DEBKAfile’s military sources add: The Israeli army discovered the 3.5-on, 8.46 meters long missiles were stored in buildings with strengthened floors and walls to carry their weight, their roofs removed and replaced with makeshift coverings such as branches and twigs. These coverings are dense enough to block the missiles from the view of Israeli aircraft but are easily removable to enable the rapid launch of the Zelzal from inside the building where it is stored. The warning by Israel’s generals about the Zelzal’s deployment also applies to the Mohajer-4, a pilotless aircraft packed with explosives. In November 2004 and April 2005, this Iranian drone penetrated Israeli airspace undetected.

  43. Akiva says:

    Please note that the email address at the end of the letter on same-sex attractions (comment 36) should be:
    akivaSA at g mail dot com

    Apologies to anyone who tried to email me on the incorrect address.

  44. Steve Brizel says:

    Hillel-you posted that the Satmar Rav ZTL was entitled to his “understanding” of the “cause” of the Holocaust based upon his reading of numerous Drashos Chazal and other statements. Yet, that is hardly the end of the argument. Moshe Rabbeinu told Klal Yisrael in the Tochacha in Ki Savo that there will be episodes of hester panim-when HaShem ignores tragic events to Klal Yisrael . One can argue that the Siluk HaShechinah surrounding the Churban resurfaced during many different episodes in history-the Crusades, Spain, the Chelminitzy massacres and the Holocaust.

    No less than the Ramban understood that the situation of Klal Yisrael in Mitzrayim before they cried out from their oppression was one of complete hester panim.The Ritva states in his teshuvos that we do not say Kaddish Tiskabel on Tisha Bav because the whole motif of Tisha Bav is one where our tefilos, bakoshos, selichos,etc will not be answered( from Maariv thru Shacharis)We have a right as we do in Aicha and Kinos to cry over the events but to accept the Divine Judgement and then in the afternoon realize that teshuvah is always possible, even from the midst of such a catastrophic tragedy. RYBS, in a recently published work on Kinos, understood that the Holocaust was a similar episode of hester panim on a huge scale.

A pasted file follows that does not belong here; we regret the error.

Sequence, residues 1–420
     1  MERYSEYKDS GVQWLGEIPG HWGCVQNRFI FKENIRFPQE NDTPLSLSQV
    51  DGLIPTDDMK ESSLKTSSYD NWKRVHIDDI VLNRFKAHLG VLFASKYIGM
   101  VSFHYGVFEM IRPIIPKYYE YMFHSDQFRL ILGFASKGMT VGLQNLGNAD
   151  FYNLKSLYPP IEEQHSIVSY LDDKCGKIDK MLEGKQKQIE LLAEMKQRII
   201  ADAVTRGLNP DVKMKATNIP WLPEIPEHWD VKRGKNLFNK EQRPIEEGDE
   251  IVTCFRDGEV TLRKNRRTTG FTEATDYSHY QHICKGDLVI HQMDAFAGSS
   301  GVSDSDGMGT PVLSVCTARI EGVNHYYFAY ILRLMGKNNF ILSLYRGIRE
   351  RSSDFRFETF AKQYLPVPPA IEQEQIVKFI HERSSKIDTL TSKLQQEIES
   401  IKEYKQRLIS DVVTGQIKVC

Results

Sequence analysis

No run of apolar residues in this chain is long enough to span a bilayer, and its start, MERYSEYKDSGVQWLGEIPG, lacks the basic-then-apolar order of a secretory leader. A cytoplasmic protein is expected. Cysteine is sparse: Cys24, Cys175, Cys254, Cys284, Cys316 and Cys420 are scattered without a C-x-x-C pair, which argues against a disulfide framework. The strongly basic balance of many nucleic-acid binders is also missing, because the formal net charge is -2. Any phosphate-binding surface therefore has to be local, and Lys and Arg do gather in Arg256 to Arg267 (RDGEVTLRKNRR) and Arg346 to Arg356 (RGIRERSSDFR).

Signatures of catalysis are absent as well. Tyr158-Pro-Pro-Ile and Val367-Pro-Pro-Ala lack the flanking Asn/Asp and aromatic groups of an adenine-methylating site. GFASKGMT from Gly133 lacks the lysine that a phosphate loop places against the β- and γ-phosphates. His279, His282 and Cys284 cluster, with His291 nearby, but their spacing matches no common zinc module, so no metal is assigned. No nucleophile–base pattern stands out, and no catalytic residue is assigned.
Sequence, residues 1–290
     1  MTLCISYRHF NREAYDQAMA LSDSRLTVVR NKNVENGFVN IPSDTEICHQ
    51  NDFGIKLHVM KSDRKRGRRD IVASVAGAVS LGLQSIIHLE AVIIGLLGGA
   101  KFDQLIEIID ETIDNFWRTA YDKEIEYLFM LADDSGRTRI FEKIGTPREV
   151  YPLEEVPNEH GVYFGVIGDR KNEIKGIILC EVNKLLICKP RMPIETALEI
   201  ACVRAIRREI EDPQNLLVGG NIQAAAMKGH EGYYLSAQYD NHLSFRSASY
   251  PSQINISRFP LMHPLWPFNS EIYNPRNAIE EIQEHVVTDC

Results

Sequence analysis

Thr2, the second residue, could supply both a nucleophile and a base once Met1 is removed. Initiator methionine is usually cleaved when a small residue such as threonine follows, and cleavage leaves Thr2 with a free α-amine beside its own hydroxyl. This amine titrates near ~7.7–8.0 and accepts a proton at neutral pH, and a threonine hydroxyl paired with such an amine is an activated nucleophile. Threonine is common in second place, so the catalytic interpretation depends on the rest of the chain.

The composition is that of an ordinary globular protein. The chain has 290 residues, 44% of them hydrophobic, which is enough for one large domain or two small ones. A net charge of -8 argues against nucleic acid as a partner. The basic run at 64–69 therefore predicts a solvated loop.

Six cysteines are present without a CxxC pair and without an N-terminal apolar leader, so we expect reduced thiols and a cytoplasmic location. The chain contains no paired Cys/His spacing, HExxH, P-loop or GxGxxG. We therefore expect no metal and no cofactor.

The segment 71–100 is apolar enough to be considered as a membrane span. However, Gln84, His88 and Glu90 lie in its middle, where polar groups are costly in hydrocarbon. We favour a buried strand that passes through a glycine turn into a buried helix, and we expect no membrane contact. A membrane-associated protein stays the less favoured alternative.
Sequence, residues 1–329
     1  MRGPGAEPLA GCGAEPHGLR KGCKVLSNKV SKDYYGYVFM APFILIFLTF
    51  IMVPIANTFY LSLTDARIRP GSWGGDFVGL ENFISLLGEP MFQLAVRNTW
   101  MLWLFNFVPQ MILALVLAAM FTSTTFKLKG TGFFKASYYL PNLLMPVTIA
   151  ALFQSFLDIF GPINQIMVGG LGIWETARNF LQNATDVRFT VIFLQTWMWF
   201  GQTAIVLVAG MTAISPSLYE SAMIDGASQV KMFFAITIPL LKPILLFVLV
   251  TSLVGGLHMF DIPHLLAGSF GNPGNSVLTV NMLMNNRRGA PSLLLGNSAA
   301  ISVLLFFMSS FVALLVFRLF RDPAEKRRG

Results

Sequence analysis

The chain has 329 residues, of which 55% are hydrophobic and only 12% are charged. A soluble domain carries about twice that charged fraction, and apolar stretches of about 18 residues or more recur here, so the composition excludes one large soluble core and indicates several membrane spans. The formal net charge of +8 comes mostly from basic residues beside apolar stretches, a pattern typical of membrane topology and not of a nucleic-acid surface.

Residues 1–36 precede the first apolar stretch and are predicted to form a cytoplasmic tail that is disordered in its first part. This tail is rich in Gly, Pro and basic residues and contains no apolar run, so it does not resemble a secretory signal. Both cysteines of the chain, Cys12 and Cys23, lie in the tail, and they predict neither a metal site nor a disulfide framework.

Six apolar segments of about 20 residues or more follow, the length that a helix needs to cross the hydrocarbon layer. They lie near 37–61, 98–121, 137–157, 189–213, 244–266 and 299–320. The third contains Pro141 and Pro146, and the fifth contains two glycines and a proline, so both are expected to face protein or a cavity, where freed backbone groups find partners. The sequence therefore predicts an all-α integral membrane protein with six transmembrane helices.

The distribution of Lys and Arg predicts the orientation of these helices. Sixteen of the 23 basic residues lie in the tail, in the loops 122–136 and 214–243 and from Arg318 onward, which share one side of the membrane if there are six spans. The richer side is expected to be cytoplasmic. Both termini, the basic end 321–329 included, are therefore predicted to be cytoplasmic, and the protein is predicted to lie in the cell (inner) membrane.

45. Bob Miller says:

    Bottom line—When our Gedolim stress the need for teshuva in particular areas of concern, that is reason enough for us to snap to attention and do teshuva promptly and diligently in those areas.

  46. hp says:

    I’m confused. I always understood hester panim to mean that H-Shem is “hiding”, preventing US from seeing His direct intervention and direction of everything in our world. H-Shm directs the world in any case with a Divine cheshbon, whether we see it or not.

    I have a feeling I am misunderstanding your post- I am reading it that during hester panim, we don’t need to think of possible causes to tragic events, because it is a result of ‘hester panim” rather than specific sins, or other Divine reasons. What does it mean that H-Shm ignores tragic events? It cannot be that “ignoring” means no direct manipulation of world events, no direct intervention in our individual lives, no Master Plan that precipitates, guides, and directly causes events in our lives.

    If I have misread the post, can you fill me in?

  47. Baruch Horowitz says:

    All commentators appear to be merely expressing different sides of a multi-dimensional coin, rather than significantly disagreeing. Most importantly, everyone on this thread considers the Rambam in Hilchos Taanis to be a fundamental Torah source on how to respond to public misfortune, r\’l. That Rambam makes it clear that Teshuva is obligatory, and that Hashem\’s hashgacha is responsive to, and is affected by Klal Yisrael\’s behavior; see also Ramban, end of Parshas Bo.

    Exactly how a massive teshuva campaign in 1939 amongst religious Jews(but not amongst assimilated Jews) would have affected the Holocaust, for example, is not for me to answer. However, great people indeed took hisorerus from events and yet, avoided simplistic answers.

    The following issues are involved in explanations given for catastrophic events:

    A) Certainty of Explanation: Two sources given for Daas Torah in this instance are \”Chacham adif m\’navi\”(Bava Basra 12a) and \”Sh\’al avicha v\’yagecha\”. Does this mean that in every aspect, a Gadol\’s wisdom is equal to and surpasses prophecy in clarity? Certainly, the Rambam\’s laws of prophecy in Yesodei Hatorah don\’t apply to Gedolim! Is a margin of error allowed in a present day Gadol\’s interpretation of events, or does such speculation take away from Emunas Chachamim(see Gittin 56b and Michtav Meliyahu I pp. 75-77 regarding this issue).